Pubdate: Sun, 12 Aug 2012
Source: Albuquerque Journal (NM)
Copyright: 2012 Albuquerque Journal
Author: Mike Gallagher


When the Heroin Awareness Committee looked around at what it could do
to spare other parents and teens the pain of addiction and death, it
would have been easy to get overwhelmed.

"There were a lot of needs," Jennifer Weiss, one of the founders,

Education was a glaring deficiency. Getting the state Legislature's
attention was another.

Weiss and the other parents forming the committee have children either
lost to drug overdoses or who in recovery. Like the parents in Mothers
Against Drunk Driving, they have political credibility. Politicians of
both parties listen.

Whether they have the long-term staying power of MADD remains to be
seen, but a long-term goal they have decided to address is the lack of
drug addiction treatment programs for teens.

"The resources simply are not adequate," Weiss said. "Inpatient beds
are limited in New Mexico and out-of-state care is expensive. Thirty
to forty thousand dollars for a 30-day stay is out of reach."

The New Mexico Drug Policy Task Force, with members appointed by
legislators and Gov. Susana Martinez, found:

♦ New Mexico ranks No. 1 in the nation, "by far," for unmet
treatment needs for illicit and prescription drug abuse for the 12 to
17 age group.

♦ The state and municipalities have substantially reduced
funding for prevention programs.

♦ There are not enough trained professionals to staff
rehabilitation facilities that are needed but don't exist.

♦ Inpatient addiction treatment is out of reach of many families
because major insurers and Medicaid don't pay for residential treatment.

"We are developing a plan for an adolescent treatment center," Weiss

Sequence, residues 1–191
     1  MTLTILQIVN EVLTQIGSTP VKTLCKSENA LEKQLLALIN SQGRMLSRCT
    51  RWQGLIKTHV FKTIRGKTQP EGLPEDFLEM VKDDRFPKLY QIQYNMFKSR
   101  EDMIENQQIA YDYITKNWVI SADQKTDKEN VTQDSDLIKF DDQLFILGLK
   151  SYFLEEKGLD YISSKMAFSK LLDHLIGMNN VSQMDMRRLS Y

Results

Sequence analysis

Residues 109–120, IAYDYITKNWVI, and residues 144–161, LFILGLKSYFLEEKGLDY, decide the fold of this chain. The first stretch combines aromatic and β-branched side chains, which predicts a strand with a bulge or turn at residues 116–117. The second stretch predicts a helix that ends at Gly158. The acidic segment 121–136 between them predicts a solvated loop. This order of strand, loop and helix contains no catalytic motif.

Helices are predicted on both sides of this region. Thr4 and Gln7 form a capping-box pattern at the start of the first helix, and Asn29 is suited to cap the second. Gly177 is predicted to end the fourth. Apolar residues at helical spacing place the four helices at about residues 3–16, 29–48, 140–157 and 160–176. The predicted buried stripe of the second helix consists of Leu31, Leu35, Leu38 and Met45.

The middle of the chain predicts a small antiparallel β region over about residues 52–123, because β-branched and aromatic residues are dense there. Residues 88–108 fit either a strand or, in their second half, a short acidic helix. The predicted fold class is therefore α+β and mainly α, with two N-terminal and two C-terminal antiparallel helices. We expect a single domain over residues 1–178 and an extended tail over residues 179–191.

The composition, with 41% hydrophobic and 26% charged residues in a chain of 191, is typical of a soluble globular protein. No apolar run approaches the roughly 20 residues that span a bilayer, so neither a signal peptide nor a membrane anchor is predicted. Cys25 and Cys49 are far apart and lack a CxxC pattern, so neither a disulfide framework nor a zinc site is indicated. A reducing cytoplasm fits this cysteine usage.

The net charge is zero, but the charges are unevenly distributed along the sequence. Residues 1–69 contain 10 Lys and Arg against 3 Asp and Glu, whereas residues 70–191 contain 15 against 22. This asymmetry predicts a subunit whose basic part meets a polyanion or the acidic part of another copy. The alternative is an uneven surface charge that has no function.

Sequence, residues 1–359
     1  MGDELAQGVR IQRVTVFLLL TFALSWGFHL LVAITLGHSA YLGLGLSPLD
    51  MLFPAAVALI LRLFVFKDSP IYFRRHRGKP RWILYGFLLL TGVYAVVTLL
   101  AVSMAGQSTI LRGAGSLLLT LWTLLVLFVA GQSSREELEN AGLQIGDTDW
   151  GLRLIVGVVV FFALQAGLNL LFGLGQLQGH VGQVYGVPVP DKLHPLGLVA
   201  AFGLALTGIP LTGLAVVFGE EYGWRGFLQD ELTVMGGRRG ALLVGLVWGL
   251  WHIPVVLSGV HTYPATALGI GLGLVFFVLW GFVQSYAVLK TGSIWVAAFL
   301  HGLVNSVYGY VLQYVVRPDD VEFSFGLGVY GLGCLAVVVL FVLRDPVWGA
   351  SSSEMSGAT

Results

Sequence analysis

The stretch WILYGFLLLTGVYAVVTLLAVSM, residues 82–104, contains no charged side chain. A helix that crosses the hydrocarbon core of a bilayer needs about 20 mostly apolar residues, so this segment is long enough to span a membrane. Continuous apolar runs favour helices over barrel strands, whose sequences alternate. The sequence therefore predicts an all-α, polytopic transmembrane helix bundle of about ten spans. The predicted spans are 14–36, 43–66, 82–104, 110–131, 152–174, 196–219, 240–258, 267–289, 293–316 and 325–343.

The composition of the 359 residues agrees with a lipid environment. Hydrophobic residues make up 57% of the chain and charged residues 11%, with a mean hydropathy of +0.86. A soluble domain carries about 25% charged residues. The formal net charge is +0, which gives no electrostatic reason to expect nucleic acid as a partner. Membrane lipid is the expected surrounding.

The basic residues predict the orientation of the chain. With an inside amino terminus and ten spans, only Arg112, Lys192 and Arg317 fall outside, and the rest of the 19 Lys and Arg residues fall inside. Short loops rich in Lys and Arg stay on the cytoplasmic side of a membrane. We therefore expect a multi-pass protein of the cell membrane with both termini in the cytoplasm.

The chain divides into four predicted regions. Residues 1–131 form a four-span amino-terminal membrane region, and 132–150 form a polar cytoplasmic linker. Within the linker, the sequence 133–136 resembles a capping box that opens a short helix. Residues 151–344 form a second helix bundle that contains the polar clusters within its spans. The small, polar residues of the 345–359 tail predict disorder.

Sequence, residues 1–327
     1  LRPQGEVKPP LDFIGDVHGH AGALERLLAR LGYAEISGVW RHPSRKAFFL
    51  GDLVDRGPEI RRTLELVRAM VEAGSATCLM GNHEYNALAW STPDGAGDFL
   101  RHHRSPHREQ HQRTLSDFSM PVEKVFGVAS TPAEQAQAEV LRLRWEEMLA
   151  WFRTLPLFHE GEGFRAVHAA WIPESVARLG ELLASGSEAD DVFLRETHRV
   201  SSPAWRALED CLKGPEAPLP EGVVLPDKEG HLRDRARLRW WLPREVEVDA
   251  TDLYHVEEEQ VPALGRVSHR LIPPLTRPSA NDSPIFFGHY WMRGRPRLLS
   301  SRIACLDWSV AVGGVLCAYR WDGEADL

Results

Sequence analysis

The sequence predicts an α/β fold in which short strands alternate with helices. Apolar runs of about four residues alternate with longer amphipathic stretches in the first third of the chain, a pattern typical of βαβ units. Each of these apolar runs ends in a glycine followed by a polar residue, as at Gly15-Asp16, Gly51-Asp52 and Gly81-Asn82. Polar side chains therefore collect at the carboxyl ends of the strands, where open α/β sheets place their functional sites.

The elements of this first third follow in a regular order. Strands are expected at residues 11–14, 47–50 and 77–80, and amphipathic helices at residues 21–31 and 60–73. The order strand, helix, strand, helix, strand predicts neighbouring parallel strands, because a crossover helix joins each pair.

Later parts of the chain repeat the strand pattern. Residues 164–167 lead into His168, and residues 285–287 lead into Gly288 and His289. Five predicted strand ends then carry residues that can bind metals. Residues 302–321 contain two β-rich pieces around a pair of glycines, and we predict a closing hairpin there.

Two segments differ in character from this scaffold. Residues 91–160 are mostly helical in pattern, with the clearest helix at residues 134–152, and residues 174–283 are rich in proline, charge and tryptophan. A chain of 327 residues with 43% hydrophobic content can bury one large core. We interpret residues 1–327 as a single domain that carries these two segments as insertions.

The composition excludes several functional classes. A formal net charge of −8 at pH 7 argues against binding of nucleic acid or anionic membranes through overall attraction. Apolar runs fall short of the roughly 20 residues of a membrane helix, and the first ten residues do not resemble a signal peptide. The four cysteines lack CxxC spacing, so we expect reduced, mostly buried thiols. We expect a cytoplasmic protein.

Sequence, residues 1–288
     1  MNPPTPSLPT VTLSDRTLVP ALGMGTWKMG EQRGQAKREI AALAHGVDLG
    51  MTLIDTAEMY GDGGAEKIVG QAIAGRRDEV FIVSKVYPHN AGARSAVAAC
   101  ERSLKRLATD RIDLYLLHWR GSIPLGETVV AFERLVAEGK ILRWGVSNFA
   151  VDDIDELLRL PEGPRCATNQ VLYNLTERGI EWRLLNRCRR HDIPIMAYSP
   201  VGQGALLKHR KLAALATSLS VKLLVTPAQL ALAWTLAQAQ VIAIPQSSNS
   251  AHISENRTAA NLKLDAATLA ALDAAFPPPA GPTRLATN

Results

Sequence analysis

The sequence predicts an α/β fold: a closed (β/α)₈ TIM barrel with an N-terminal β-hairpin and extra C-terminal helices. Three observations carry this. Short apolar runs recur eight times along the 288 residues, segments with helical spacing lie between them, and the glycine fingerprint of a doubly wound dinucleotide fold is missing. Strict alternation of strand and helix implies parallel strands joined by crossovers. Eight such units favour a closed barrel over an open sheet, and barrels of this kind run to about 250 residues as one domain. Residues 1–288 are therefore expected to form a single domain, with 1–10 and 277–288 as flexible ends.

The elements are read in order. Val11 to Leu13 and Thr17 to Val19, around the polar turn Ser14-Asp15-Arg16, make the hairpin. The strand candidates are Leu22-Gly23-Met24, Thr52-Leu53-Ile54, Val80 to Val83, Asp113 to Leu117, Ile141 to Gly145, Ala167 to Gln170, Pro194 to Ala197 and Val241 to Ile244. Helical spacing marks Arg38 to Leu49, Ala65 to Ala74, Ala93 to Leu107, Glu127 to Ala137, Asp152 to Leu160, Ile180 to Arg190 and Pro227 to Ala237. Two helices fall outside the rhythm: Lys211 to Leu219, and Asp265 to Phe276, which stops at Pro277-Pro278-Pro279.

said. "It will be presented to Gov. Martinez and Albuquerque Mayor
(Richard) Berry."

The goal, and it may be a long-term one, is to create a "comprehensive
system" of care for teen drug addicts, she said.

"It is much harder for adults to get clean," Weiss said. "It makes
sense to attack the problem at an earlier age."

Getting treatment

One of the ironies in this equation is that it is easier to get drug
treatment once you've been arrested.

That conclusion didn't come from some activist for legalizing drugs.
It came from the head of the overcrowded Metropolitan Detention
Center, Director Ramon Rustin.

"We're back-end loaded," Rustin said. "You enter the criminal justice
system, and you receive treatment, but the arrest record can make
staying clean that much harder.

"It is harder to get a job. Harder to find an apartment," he said. "A
lot of places won't rent to a person with a drug arrest."

"We can detox a heroin addict in two weeks," Rustin said. "They get
out sober but with no job and no place to live. What they have is the

There are 300 to 400 inmates each month who enter the drug and alcohol
detox programs in the jail.

"That's a significant number, and only those with the most extreme
addiction go into the programs," he said.

Rustin's boss, Deputy County Manager Tom Swisstack, said it may not be
a question of spending more money, but rearranging how and where money
is spent.

"If you move resources to the front end of the criminal justice
system, literally the booking desk, we may be able to divert people
into programs they need," Swisstack said.
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